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A Crash Put Pluto’s Moons Into Odd Orbits: Study

Pluto's solar system in a 2012 artist's conception. P4 and P5 are now called Kerberos and Styx, respectively. Credit: NASA/John Hopkins University Applied Physics Laboratory

Pluto’s solar system in a 2012 artist’s conception. P4 and P5 are now called Kerberos and Styx, respectively. Credit: NASA/John Hopkins University Applied Physics Laboratory

A smash-up that created Pluto’s largest moon, Charon, likely sprayed debris four billion years ago that formed the genesis of the other moons scientists are spotting today, a new study concludes.

The find could explain why the satellites Styx, Nix, Kereberos and Hydra have orbital periods that are, respectively, just about exactly 3, 4, 5 and 6 times longer than Charon’s, scientists said.

“Any initially surviving satellites would likely be destroyed in collisions, but these shattered moons wouldn’t be lost; rather, their remains would stay in the Pluto/Charon system and become the starting point for building new satellites,” stated the Southwest Research Institute (SWRI), which led the study.

Artist's impression of New Horizons' encounter with Pluto and Charon. Credit: NASA/Thierry Lombry

Artist’s impression of New Horizons’ encounter with Pluto and Charon. Credit: NASA/Thierry Lombry

“In modeling the destruction of the satellites, the SWRI study found that there may be a method for moving them, or their building blocks, outward, due to the competing effects of Charon’s gravitational kicks and collisions among the debris of the disrupted satellites.”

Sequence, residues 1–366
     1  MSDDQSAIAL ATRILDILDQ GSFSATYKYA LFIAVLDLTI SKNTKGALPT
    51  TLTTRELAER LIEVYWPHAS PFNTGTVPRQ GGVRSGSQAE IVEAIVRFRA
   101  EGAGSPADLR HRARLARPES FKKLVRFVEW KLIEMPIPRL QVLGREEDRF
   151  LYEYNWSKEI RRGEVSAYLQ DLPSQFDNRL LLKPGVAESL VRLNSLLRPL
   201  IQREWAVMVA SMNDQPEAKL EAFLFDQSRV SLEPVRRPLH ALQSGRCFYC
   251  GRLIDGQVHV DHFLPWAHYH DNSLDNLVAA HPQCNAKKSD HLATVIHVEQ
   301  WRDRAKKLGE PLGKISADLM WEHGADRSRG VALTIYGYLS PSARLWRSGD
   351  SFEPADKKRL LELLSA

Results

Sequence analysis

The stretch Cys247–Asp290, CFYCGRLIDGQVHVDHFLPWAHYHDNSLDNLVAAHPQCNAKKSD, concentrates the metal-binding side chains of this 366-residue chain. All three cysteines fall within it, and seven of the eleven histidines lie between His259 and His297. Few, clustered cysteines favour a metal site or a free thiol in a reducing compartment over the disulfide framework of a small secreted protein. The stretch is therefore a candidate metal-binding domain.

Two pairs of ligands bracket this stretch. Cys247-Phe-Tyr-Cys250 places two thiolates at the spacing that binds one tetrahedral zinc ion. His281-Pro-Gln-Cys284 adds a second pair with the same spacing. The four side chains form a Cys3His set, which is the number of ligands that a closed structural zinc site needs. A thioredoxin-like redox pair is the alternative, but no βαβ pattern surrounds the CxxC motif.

Given Charon’s large size relative to Pluto (it’s a tenth of the dwarf planet’s size, compared to the Earth-Moon 81: 1 ratio), its large mass could easily perturb these smaller moons if they got close. Also, collisions between the debris could alter the orbits “to keep things away from Charon”, the scientists said.

Hopefully we will learn more when the NASA New Horizons spacecraft arrives at Pluto in 2015.

The findings were presented yesterday (Oct. 9) at the American Astronomical Association’s division of planetary sciences meeting in Denver; information on whether the results are peer-reviewed was not immediately available.

Source: Southwest Research Institute

About 

Elizabeth Howell is the senior writer at Universe Today. She also works for Space.com, Space Exploration Network, the NASA Lunar Science Institute, NASA Astrobiology Magazine and LiveScience, among others. Career highlights include watching three shuttle launches, and going on a two-week simulated Mars expedition in rural Utah. You can follow her on Twitter @howellspace or contact her at her website.

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